In 1999 a new law was brought into effect in Indonesia which saw vast swathes of forest taken into state ownership. That law was overruled yesterday by the Constitutional Court and following its judicial review, the land ownership was ordered to be returned to local indigenous people. The move will have major impacts for development in some areas of Indonesia where state ownership of forests is no longer valid.
The review examined the Act on Forestry. The Judicial Review was initiated in March last year by the Indigenous Peoples’ Alliance of the Archipelago (AMAN). The ruling made by the court declared that Customary Forest is not State Forest and that Indigenous Peoples of the Archipelago will get back their rights over their customary forests seized by the State.
“AMAN submitted the judicial review in March 2012 and its series of sessions ended in June. Good things come to those who wait. About 40 millions Indigenous Peoples now are rightful over our customary forests because the State has become unable to expel us out of our customary forests that have become our source of livelihood from generation to generation,” said Secretary-General of AMAN Abdon Nababan.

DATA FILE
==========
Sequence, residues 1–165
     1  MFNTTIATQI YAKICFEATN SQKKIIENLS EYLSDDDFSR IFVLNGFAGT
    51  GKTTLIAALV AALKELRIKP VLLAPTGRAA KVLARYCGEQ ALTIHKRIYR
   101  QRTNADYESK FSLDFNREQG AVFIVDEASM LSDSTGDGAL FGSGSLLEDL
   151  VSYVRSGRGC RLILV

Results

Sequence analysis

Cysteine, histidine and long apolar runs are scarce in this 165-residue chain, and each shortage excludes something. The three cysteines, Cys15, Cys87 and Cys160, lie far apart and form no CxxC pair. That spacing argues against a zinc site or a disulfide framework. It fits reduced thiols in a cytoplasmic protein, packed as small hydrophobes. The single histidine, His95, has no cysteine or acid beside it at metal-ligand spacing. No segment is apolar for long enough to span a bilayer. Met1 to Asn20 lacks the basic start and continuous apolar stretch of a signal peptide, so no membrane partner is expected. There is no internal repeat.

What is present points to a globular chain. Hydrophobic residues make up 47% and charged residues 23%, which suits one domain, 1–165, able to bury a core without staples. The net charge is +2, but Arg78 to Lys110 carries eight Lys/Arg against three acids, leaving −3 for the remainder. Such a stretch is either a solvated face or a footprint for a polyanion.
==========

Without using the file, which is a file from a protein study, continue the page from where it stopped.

AMAN went to court over the implementation of the Act which saw inhabitants of customary forests that overlapped with State forests only being given weak rights and access. AMAN perceives that the UUK was deliberately legalized to take over customary forests and give them to capital owners through various license schemes.
The decision will impact on the ability of license holders to exploit customary forests as the state will no longer have rights over the forests. The area of land that now needs to be transferred back to the people could be substantial. The Government’s own statistics revealed last year that there are some 32,000 villages whose lands overlap areas classed as ‘State Forest Areas.’
Environmental Investigation Agency forests campaigner Mardi Minangsari welcomed the decision by the Constitutional Court.
“Although the National Constitution fully recognizes the rights of indigenous peoples, the laws issued later do not reflect that. The 1960 Law on Basic Agrarian regulation gave conditional recognition to indigenous peoples and, during the New Order era, millions of hectares of customary lands have been given to large companies for logging, plantations, mining operations and many Government development projects.
“The issuance of the Forestry Law in 1999 that stipulates that customary forest is State Forest has further taken away the rights of indigenous peoples over their land and forest resources.”